Geological setting of the Skaergaard Intrusion


Introduction

The Skaergaard intrusion occupies a stratigraphic position between the Precambrian basement (to the north and west), a thin succession of Cretaceous to Early Palaeocene Kangerdlugssuaq sediments (on Mellemø and at the north-western corner of the intrusion), and a succession of at least 6.5 km of Palaeogene (Palaeocene to Eocene) flood basalts (to the east and south).
 

The Precambrian basement

The Precambrian basement (fig. ) consists of intensely deformed migmatitic orthogneisses, metapelites, and mafic-ultramafic rocks (Kays et al., 1989). A radiometric age determination yielded a 207Pb/206Pb single stage age of 2980±20 Ma for gneisses bordering the Skaergaard intrusion (Leeman and Dasch, 1976). The gneisses mostly form a rugged terrain of high ground (fig. ), but accessible exposures can be found along the southern shore of Kraemer Ø at the contact to the Skaergaard intrusion, and further west in Kraemer Bugt. The orthogneisses have typical tonalite-trondhjemite-gneiss compositions ranging from diorites and tonalites to granodiorites and tronhjemites. Two suites have been recognised of which the later shows clear intrusive relations and contain xenoliths of older gneisses. The gneisses are hornblende and biotite bearing. The metapelites include alternating bands of biotite-garnet schist (with variable amounts of quartz, feldspar, sillimanite, and cordierite) and quartzite (with garnet, hornblende, and orthopyroxene) indicating peak metamorphic conditions in the upper amphibolite facies. The ultramafic lithologies appear to be zoned bodies having peridotite cores and pyroxenite and amphibolite margins. The ultramafic rocks are compositionally similar to picritic basalts and komatiites. At least four phases of ductile deformation have been recognised in the rocks with structures ranging from small-scale folds and the development of foliation to large-scale regional folds. The latest phase of deformation is cross-cut by later shear planes (all information from Kays et al., 1989).
 

The Kangerdlugssuaq sediments

The Kangerdlugssuaq group sediments are exposed in a small outcrop on Mellemø where it is in direct contact with the Skaergaard intrusion, and further larger outcrops are accessible in Vandfaldsdalen and Sødalen (to the west of the intrusion). The sediments rest unconformably on the basement lithologies and infill a basin extending north-eastwards from the Skaergaard area. Only a thin succession is exposed near the intrusion, but the sediments increase in stratigraphic thickness to the Northeast probably reaching 600-800 m further inland (Hamberg, 1990). The sediments start with fluvial and estuarine sandy deposits towards the base and gradually evolve to marine mudstones and turbidites upwards. Sedimentary structures indicate flow-directions to the E and NE (Nørgaard-Pedersen, 1991; Hamberg, 1990).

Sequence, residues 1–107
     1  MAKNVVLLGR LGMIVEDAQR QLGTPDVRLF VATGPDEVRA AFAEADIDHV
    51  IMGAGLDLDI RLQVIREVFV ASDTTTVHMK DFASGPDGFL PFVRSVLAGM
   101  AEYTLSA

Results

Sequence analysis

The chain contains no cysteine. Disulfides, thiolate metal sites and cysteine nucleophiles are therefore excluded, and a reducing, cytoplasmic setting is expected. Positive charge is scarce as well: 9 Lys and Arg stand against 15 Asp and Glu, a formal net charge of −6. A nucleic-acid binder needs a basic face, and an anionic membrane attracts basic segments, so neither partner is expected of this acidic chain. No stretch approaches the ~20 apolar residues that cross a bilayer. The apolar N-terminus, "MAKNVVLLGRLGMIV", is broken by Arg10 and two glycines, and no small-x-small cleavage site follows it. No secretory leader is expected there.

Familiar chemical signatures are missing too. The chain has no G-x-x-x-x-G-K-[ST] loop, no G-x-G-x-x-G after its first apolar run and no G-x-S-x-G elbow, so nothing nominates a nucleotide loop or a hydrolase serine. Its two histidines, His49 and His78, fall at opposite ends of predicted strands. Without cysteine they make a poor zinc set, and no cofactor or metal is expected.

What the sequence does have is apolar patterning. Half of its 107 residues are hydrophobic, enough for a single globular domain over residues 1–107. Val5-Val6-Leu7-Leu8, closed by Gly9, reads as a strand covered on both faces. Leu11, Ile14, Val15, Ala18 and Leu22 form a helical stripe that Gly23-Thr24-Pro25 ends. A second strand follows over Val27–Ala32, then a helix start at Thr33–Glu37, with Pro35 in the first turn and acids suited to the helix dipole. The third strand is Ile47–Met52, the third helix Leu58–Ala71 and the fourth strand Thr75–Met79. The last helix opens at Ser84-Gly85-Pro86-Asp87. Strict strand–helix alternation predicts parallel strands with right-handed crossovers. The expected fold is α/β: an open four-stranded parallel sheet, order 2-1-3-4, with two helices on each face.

The Palaeogene basalts

The sediments succession is unconformably truncated by pebbly arkosic sandstone that forms the basal conglomerate for the overlying Blosseville group ([Higgins, 1981 #731; Brooks, 1982 #80]). The Blosseville group consists dominantly of volcanic and volcanoclastic material with thin intercalated units of sandy sediments towards its base ([Higgins, 1981 #731]). The lowermost unit, the Vandfaldsdalen formation, consists of submarine picritic lava flows, hyaloclastites, and pillow breccias.
 

Tectonic framework

The Palaeogene tectonics of the Kangerlussuaq area is dominated by the emplacement of the Icelandic hot-spot and the subsequent continental rifting that led to the opening of the North Atlantic Ocean. The rifting was probably controlled by older structural lineaments in the area, which is located at the souternmost expression of the Caledonian fold-belt in Greenland (Wager and Hamilton, 1964). Sedimentary basins formed already in the Cretaceous indicating that the arrival of the hot-spot was predated by an episode of crustal extension.
The rifting was followed by an extensive structural collapse of the continental margin. This resulted in the seaward rotation of basalts near the coast (coastal flexure). The collapse was interpreted by Wager and ??? (19??) to be a monoclinal flexure.
 

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